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“The difference between the right word and the almost right word is the difference between lightning and a lightning bug.”  -- Mark Twain
 
 
 
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Issue 3
September 2016
Nitpick
Nifty tips on how to write and speak more effectively
 
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Floundering over “flounder” and “founder”?
 
Flounder are a type of flatfish such as sole and turbot. But it’s not this flounder that perplexes so many people. It’s the verb “flounder,” which sounds similar to “founder,” that causes confusion.

“To flounder” means to struggle or to handle something with difficulty. “To founder” means to fail, to fall or break down, or to fill with water and sink.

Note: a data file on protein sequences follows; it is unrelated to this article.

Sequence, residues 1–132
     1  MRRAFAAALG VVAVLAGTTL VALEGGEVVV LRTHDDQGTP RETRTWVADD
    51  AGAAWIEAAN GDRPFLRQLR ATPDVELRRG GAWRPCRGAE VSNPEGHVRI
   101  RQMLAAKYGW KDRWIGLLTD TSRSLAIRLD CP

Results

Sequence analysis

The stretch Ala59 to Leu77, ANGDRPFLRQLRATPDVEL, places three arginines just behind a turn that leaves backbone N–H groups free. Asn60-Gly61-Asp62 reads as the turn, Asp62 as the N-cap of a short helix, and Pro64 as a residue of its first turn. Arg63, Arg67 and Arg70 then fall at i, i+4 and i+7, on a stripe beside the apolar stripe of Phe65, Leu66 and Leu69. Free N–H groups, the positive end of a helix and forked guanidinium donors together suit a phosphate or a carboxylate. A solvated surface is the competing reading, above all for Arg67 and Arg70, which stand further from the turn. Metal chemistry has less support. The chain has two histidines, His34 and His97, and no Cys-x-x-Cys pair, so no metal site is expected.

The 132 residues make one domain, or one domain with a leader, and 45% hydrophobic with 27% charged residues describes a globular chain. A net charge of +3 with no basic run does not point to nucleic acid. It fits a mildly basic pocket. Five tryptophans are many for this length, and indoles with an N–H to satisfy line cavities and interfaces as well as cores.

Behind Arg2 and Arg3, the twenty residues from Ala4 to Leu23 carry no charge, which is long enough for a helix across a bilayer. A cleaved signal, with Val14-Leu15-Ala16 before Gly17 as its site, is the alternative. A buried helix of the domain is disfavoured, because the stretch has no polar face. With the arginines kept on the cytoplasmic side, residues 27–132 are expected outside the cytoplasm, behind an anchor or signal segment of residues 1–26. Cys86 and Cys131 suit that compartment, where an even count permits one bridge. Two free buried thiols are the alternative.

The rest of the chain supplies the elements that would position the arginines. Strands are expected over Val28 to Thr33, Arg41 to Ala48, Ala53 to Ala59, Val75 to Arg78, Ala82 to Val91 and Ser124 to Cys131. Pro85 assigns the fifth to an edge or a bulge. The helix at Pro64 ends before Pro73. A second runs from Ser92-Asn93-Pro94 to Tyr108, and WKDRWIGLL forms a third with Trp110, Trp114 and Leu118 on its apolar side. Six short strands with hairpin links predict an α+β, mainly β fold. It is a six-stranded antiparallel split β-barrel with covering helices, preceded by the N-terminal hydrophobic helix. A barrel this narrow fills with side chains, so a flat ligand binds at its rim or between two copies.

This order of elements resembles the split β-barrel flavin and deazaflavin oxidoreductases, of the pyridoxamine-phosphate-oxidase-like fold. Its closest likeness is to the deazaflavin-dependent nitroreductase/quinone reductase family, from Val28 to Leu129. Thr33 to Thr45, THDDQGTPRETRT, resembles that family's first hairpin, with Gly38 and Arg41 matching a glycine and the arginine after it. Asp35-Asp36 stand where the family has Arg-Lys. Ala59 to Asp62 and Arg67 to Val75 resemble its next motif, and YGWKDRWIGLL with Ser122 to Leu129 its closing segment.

For example:

Mackenzie floundered learning the foxtrot but after six lessons she had mastered the dance.

After floundering in high school, Kurt surprised his parents by earning all A’s in college.

but

The ship foundered in the North Atlantic after hitting an iceberg.

The bill passed in the House of Commons but foundered in the Senate.

It’s easy to confuse “flounder” with “founder” because a struggle occasionally leads to failure. Sometimes either verb can work in a sentence so you need to have the facts to know which one to use.

For instance, it’s correct to say:

Jeff was floundering in Economics 101 so he withdrew from the course.
(Jeff was struggling in Economics 101 so he withdrew from the course.)

and

Jeff was foundering in Economics 101 so he withdrew from the course.
(Jeff was failing Economics 101 so he withdrew from the course.)

So beware of what seems to be a handy rule of thumb—“People can flounder, but ships founder”—because we can, occasionally, founder.
 
 

 
 
Sara Bedal is a writer, editor and plain-language specialist. She helps organizations tell their stories clearly, creatively and concisely.
Photo: Angela Durante Dukát, DUKÁT PHOTOS
 
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